Lithuanian cultural heritage in a digital world: a Europeana national workshop
On Wednesday 25 April 2018, the National Library of Lithuania hosted a Europeana national workshop in its spectacular renovated building.
Our setting was a beautiful room full of books about European arts and culture - highly appropriate for a workshop in which we showed the value of reaching a pan-European audience when publishing content with Europeana. The workshop was carefully planned with the National of Library of Lithuania, the national aggregator.
The day began with an inspirational presentation from Renata Petrušić from the National and University Library in Zagreb. Renata showed her Lithuanian peers how more open and collaborative approaches in their work had helped boost the value of their digital collections. She presented an exhibition called Picture This!, a collection of vintage postcards from southeastern Europe. The exhibition was the outcome of the Collections of South and East Europe in Europeana (CSEEE) project they co-led which increased the amount of non-EU library content in Europeana Collections.
Renata Petrušić from the National and University Library in Zagreb presenting to participants at the Europeana national workshop at the National Library of Lithuania. Nicole McNeilly, CC BY-SA
Rimvydas Laužikas of Vilnius University gave a presentation about a local case study. The university is the largest Lithuanian contributor to Europeana Collections, publishing large amounts of archaeological material through CARARE. Lina Mačiulienė from the National Library of Lithuania then outlined the role of the National Library in past collaborations with Europeana and in its capacity as a national aggregator.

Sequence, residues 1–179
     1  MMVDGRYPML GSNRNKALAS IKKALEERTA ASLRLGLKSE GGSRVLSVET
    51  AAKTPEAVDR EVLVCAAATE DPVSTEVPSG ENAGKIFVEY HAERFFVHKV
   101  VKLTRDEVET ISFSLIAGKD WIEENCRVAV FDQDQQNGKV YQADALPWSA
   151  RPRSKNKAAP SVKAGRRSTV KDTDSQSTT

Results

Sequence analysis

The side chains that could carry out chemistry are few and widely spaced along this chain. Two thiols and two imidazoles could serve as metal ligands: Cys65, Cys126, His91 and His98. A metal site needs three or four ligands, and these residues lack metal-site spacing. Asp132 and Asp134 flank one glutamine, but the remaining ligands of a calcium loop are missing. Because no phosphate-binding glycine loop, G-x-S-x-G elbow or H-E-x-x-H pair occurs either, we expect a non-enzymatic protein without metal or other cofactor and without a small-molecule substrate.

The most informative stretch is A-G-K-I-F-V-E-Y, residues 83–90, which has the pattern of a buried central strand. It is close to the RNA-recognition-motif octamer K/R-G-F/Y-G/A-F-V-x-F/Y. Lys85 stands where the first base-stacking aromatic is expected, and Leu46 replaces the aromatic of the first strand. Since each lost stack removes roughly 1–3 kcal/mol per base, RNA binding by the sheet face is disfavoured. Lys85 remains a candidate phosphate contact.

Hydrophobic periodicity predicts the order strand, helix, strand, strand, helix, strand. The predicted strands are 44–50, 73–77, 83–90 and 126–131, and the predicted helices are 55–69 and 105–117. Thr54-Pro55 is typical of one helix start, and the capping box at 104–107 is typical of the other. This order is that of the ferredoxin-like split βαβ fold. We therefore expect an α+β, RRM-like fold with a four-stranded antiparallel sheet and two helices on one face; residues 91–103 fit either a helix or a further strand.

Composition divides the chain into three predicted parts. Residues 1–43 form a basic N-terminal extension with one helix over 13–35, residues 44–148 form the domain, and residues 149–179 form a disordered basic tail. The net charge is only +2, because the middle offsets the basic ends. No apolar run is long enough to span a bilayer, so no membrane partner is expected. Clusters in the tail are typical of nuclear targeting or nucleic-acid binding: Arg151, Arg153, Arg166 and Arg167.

Rimvydas Laužikas of Vilnius University presenting at the Europeana national workshop at the National Library of Lithuania. Nicole McNeilly, CC BY-SA.
The day then proceeded with a mix of presentations introducing our most important frameworks (like the Publishing Framework and the Licensing Framework) and topics (such as data quality). We had a practical exercise on the topic of rights statements, and ended the day with a discussion on the technical and political challenges faced by Lithuanian institutions with regards to opening up collections.
‘It was important to meet with the Europeana team to hear their experience and discuss our concerns. The workshop was important and useful for all Lithuanian memory institutions. The most interesting part of the workshop was copyright policy as it is the most essential issue we are facing today.’ Jolita Steponaitienė, National Library of Lithuania
Woman with the Artist. Vytautas Kasiulis. 1948, Lithuanian Art Museum. Lithuania, CC BY
What happens next?
Now that we better understand the challenges in the Lithuanian context, we can work more proactively with the national aggregator to support the institutions that acknowledged their desire to improve their existing content (opening the licenses and putting the material into higher tiers within the Europeana Publishing Framework) and to publish new collections on Europeana Collections. We were thrilled when participants told us about their willingness to add data to the new Europeana Migration thematic collection and the forthcoming Europeana Manuscripts thematic collection.
Although the sky was as grey as cepelinai (a Lithuanian saying bringing together the national dish and the climate!), everyone left on a very positive note. For us, this also includes planning two more national workshops to be held in the coming weeks, one in Varna, Bulgaria, to coincide with the Presidency of the European Council, and the second in Budapest, Hungary.